Should I Ask Job Candidates to Fill Out an Application?

graphic of job application

Generally, yes, you should ask candidates to fill out a job application. Initially, it might seem like a waste of time because you already have the person’s resume, but there are two great reasons to ask for an application.

Reason #1: A resume might not tell the whole story

As a small business, you may have a media kit that shows your company in the best light, highlights your greatest achievements, and explains why someone should work with you.

A resume is essentially a job hunter’s media kit. It will show you the candidate’s best side and biggest accomplishments. If someone doesn’t want to share something, they just won’t put it on their resume. Or, you might be looking for a specific piece of information that the applicant didn’t include in their resume. An application can help you fill in any gaps, get a more complete and honest picture of the person, and collect all the information you need.

Read also: What’s in a Marketing Kit?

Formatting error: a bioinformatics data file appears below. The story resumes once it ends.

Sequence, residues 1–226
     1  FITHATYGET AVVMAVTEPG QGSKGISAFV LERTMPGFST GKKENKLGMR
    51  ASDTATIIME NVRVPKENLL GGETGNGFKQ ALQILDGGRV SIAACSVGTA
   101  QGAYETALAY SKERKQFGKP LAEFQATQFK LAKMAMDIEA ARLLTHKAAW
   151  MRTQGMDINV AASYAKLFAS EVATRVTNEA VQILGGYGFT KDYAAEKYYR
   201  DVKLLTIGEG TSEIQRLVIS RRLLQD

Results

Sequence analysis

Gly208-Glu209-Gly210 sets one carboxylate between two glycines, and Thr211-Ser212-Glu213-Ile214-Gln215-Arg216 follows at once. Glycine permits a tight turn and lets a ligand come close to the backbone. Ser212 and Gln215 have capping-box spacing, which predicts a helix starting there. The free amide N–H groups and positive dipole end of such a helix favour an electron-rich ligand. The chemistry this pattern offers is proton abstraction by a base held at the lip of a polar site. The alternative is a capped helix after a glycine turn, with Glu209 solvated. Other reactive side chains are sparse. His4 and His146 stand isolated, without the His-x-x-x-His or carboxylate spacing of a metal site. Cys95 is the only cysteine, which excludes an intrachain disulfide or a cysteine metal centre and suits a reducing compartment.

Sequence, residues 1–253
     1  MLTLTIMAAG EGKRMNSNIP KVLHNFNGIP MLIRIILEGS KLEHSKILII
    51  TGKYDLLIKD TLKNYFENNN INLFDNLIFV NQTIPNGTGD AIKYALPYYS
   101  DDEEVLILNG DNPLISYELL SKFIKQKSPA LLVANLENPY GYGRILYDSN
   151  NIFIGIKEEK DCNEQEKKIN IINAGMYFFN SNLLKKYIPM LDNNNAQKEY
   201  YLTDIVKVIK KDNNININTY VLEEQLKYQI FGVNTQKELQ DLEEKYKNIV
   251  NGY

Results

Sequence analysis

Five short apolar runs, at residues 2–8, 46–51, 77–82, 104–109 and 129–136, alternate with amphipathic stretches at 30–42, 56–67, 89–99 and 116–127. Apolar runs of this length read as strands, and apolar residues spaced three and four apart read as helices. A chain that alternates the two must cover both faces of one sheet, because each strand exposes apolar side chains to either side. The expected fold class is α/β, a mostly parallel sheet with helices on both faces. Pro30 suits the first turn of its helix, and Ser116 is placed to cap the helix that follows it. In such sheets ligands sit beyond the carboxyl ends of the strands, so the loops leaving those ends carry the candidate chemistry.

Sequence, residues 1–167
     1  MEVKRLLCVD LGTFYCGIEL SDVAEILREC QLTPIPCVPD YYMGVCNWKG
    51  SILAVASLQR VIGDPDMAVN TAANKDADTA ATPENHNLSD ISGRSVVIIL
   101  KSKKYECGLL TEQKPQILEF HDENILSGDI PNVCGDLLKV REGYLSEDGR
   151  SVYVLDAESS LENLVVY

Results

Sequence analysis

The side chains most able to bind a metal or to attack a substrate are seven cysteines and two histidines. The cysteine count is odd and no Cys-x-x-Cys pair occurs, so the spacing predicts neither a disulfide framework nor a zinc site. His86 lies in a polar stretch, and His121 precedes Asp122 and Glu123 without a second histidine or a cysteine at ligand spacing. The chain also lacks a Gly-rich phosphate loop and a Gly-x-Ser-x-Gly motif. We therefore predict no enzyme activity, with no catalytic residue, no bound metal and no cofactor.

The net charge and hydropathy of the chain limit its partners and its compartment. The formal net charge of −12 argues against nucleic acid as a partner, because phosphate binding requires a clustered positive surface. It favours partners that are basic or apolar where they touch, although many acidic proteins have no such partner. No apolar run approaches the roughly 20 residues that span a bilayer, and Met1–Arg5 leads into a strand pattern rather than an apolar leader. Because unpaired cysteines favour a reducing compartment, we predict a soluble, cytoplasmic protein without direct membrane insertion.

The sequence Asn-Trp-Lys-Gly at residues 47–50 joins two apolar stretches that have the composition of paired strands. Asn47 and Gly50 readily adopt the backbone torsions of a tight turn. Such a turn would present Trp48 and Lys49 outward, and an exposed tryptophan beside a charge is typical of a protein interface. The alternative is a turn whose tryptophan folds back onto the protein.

Reason #2: You want to level the playing field

There are standard resume templates that a lot of people use. But that doesn’t necessarily mean every candidate will share the same information with you on their resume or in their cover letter. For example, someone’s resume might not include any certifications they’ve received.

A job application can help you out with that. It creates a level playing field for all your potential new workers because you’ll have the same information from every person. It will also allow you to review the applicant’s information without regard for formatting or presentation, which can help you come to an impartial decision.

As long as the questions on your job application conform to the Equal Employment Opportunity Commission (EEOC) guidelines and your state’s regulations, you can ask for things like:

  • full legal name
  • preferred name
  • email address
  • phone number
  • employment history, including dates, titles, supervisors’ names, and contact information
  • reasons for leaving previous jobs
  • an explanation for any gaps in employment
  • education and certifications
  • skills and qualifications
  • references
  • availability
  • hobbies or interests
  • permission to contact their current employer
  • a signature verifying that all the information is true and accurate and permitting you to check

Read also: 7 Employee Handbook Rules and Regulations to Stay Compliant in 2019

To ensure your application complies with state and Federal employment and anti-discrimination laws, consider asking an employment attorney to review it.

After you’ve reviewed applications and narrowed down your list of potential new workers, it’s time to conduct interviews. Learn more about how to effectively interview job candidates.

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